Until this Saturday just gone, I had never seen traffic direction by uniformed personnel in Haydon Bridge. The occasion was the memorial service for Mike Fry, the just retired drama teacher from Haydon Bridge High School. He died, at the age of 59, from a brain tumour.
The Church and grounds were packed, with the proceedings relayed on a PA system for those unable to get in. The roads and car parks for hundreds of yards around were filled with cars. The school yard was jammed too.
For a man, in death, to call forth such an enormous response is exceptional but, without a shadow of doubt, he was an exceptional man. Committed, enthusiastic, energetic, warm, painstaking and lovable.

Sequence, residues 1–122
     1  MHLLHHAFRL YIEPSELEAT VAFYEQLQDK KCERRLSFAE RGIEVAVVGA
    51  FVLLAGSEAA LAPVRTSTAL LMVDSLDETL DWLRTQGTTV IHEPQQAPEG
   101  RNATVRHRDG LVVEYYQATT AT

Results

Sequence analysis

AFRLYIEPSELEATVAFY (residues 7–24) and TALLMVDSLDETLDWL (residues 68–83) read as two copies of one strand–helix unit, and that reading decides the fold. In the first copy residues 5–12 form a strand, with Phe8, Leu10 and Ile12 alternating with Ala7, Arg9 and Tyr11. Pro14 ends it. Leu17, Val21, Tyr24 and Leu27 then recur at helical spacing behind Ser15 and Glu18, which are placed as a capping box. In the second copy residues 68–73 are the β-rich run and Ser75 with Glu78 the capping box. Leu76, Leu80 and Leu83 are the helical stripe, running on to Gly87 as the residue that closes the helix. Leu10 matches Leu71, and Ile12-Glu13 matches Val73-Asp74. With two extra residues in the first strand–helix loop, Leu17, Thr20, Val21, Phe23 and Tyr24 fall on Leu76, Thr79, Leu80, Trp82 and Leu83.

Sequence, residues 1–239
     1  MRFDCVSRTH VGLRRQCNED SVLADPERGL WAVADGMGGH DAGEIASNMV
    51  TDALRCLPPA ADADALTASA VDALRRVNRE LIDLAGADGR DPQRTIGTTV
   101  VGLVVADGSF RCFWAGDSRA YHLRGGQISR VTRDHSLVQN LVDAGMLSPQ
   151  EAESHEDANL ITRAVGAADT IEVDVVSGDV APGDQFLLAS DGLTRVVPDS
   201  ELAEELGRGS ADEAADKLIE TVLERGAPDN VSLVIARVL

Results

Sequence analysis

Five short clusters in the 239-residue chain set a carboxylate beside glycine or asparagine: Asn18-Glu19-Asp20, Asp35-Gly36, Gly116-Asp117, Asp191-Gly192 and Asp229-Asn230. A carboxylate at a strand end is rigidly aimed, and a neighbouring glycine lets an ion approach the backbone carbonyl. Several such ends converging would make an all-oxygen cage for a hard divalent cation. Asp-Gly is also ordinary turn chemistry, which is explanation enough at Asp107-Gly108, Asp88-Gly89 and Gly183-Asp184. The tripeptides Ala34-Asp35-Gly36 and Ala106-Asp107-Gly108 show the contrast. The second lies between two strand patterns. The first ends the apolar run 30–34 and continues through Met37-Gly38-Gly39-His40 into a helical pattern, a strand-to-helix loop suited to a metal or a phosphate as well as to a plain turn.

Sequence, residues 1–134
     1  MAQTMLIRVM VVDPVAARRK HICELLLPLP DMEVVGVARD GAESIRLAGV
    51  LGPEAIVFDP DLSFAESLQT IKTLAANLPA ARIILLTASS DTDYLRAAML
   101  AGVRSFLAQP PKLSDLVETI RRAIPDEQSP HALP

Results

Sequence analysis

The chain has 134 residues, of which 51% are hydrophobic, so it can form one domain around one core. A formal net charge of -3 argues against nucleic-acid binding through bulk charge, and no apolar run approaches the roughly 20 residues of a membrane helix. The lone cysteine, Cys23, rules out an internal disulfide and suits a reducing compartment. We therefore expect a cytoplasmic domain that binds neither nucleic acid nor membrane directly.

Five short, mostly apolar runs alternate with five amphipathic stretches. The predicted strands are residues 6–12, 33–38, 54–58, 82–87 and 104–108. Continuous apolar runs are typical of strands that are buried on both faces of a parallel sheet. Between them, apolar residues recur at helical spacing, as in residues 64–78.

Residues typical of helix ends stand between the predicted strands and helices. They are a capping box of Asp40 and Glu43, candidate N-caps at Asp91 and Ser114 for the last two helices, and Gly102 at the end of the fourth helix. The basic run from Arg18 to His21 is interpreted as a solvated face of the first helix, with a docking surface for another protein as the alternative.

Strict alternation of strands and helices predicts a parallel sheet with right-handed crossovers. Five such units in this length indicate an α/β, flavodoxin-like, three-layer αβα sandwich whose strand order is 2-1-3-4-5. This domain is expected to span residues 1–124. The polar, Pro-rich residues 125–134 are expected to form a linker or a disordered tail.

I feel privileged to have known Mike for many years and clearly hundreds of others felt the same.
Teachers matter a great deal to us all, whether we are students or parents. What job could be more important than equipping the young for life? They deserve our gratitude and support at all times.

Germany 2009, Tynedale Care Centres and high heels

September 16, 2009

Having just returned from a cycling trip in Bavaria it is striking to see the difference between a rural area in southern Germany and rural area in northern Britain. The farms in Germany are all smaller scale and very diverse. The population as a whole is much more involved in land management and agricultural production.
A most striking thing is the vast number of wind turbines and even more striking is that as many roofs as possible (barns, houses and factories) are entirely paved with photovoltaic panels – acres and acres of them. Every community of any size has a solar power installation company.